Gwnewch y pethau bychain

Day: April 3, 2004


Figuring that someone on my friends list might either know this sort of information or have access to someone who does, I thought I’d pass along this query from my friend Jeff. If anyone can help him, please contact him at the address below. Thanks!

My name is Jeff Williams, and I am an English instructor at Wayne Community College in North Carolina. One of the classes I teach involves business writing, and I always try to provide both realistic and interesting writing situations for my students. This fall, I am introducing a new project. The students are going to design a new mall. However, there are problems that I need to address, most importantly my lack of knowledge in this area, and I am hoping some of you might be able to help. In order to build this project, I need general information about a number of subjects:

  • Average construction costs for regional and super-regional malls. I do not need specific costs for specific malls.
  • Average utility costs for regional and super-regional malls.
  • Average operational costs (security, maintenance, upkeep, and other expenses).
  • Rent ranges for stores, kiosks, carts, and outparcels.
  • Criteria businesses, particularly national chains, use for determining whether or not to locate in a particular mall.
  • Hidden items found in a typical mall (office space, security, delivery areas, and physical plants).

I’m also looking for stories about unique items found in malls around the country as well as any public access documents about operating expenses, bond issues for mall construction, etc. Any information any of you could provide would be most appreciated.

I can be reached at Thank you once again for any help you can offer!

Weekly Reading

Almost entirely fiction this week, although I have been dipping in and out of Harlan Ellison’s Watching, a collection of film essays. More on that when I actually finish it.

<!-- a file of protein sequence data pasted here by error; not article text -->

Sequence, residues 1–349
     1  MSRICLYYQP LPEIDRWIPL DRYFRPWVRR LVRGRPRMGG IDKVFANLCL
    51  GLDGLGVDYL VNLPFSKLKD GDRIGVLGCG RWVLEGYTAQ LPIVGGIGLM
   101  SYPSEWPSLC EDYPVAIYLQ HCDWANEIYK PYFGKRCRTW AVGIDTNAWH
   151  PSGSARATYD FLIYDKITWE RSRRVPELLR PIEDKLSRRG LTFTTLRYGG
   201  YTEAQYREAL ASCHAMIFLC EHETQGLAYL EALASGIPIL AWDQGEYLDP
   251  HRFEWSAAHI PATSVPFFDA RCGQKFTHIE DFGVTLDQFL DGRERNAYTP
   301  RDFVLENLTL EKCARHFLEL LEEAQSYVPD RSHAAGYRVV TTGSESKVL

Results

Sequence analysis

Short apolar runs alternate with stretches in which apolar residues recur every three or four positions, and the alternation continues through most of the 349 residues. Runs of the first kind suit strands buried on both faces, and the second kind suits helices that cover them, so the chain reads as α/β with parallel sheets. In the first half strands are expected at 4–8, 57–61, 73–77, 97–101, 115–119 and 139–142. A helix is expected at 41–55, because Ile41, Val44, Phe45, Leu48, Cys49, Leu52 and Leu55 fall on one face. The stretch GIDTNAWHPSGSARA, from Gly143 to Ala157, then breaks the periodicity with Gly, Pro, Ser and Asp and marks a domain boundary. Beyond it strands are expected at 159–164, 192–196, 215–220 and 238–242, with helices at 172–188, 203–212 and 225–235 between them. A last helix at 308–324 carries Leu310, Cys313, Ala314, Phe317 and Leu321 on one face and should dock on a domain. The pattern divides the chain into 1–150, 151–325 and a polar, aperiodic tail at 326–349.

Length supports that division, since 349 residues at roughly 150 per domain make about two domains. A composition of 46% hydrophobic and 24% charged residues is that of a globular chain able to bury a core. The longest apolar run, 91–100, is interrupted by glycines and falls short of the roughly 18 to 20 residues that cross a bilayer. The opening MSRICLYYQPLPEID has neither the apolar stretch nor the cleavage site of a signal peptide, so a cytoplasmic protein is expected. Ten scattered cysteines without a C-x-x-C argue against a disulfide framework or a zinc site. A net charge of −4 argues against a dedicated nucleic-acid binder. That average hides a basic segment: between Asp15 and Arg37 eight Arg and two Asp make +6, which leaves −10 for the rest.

• Newton’s Cannon by J. Gregory Keyes
    This is a book I’ve been trying to read for quite some time, but odd circumstances always seemed to keep me from it. I’m glad I finally got a chance to make it through. Keyes has imagined a rather bizzare alternate history, where Isaac Newton has discovered the secret of alchemy, Louis XIV has achieved immortality through a strange Persian elixir, and young Ben Franklin stumbles upon an international plot of intrigue that threatens to destroy England. There are odd historical and literary figures dropped here and there throughout the novel, and an ending that I absolutely did not expect. There are three more books in the series, and the first installment makes no pretense to standing alone, so I suppose I’ll have to wait until I read the next three to truly evaluate the story. It’s a page turner though, and I enjoyed Keyes’s imaginings a great deal.

  • Coraline by Neil Gaiman
    One of the problems with having fallen out of the habit of reading on a regular basis is that books I would have normally read the moment I bought them lay untouched for months. Such was the case with Neil Gaiman’s delightfully spooky young adult novel Coraline.

    Coraline is a bright, bored young girl with a broad imagination and loving if inattentive parents and an assortment of weird neighbors. But something mysterious is lurking on the other side of the big door in the living room that opens on a blank wall…or does it? She soon discovers a mirror world on the other side of the door, populated by beings claiming to be her Other Mother and Other Father, and it will take her ingenuity and perseverance to set her life back the way it was.

    This is just as wonderful quirky as Gaiman’s best work always did, and my enjoyment of the book was doubled by the fact that, with her peculiar combination of contrary whimsy and earnest practicality, I couldn’t help but picture our heroine as a young nrivkis. 🙂 Highly recommended. Read it to your kids.

  • Paladin of Souls by Lois McMaster Bujold
    Another book I had been neglecting, Paladin of Souls is the sequel to Bujold’s fantasy novel The Curse of Chalion. I love the setting and the characters of this world, and I grew to quickly like Ista, the reluctant recipient of the gods’ favours. Bujold’s talent for breathing life into her three dimensional characters is in great evidence here, the dialog is crisp and the plot is a page turner. Of course, the centerpiece of the book, as it was in the previous, is the odd, intricate cosmology of Chalion’s gods. Paladin of Souls is, ultimately, that rarest of all novels: a sequel that is at least the equal of it’s original. I am looking forward to Bujold’s continued efforts on this series.

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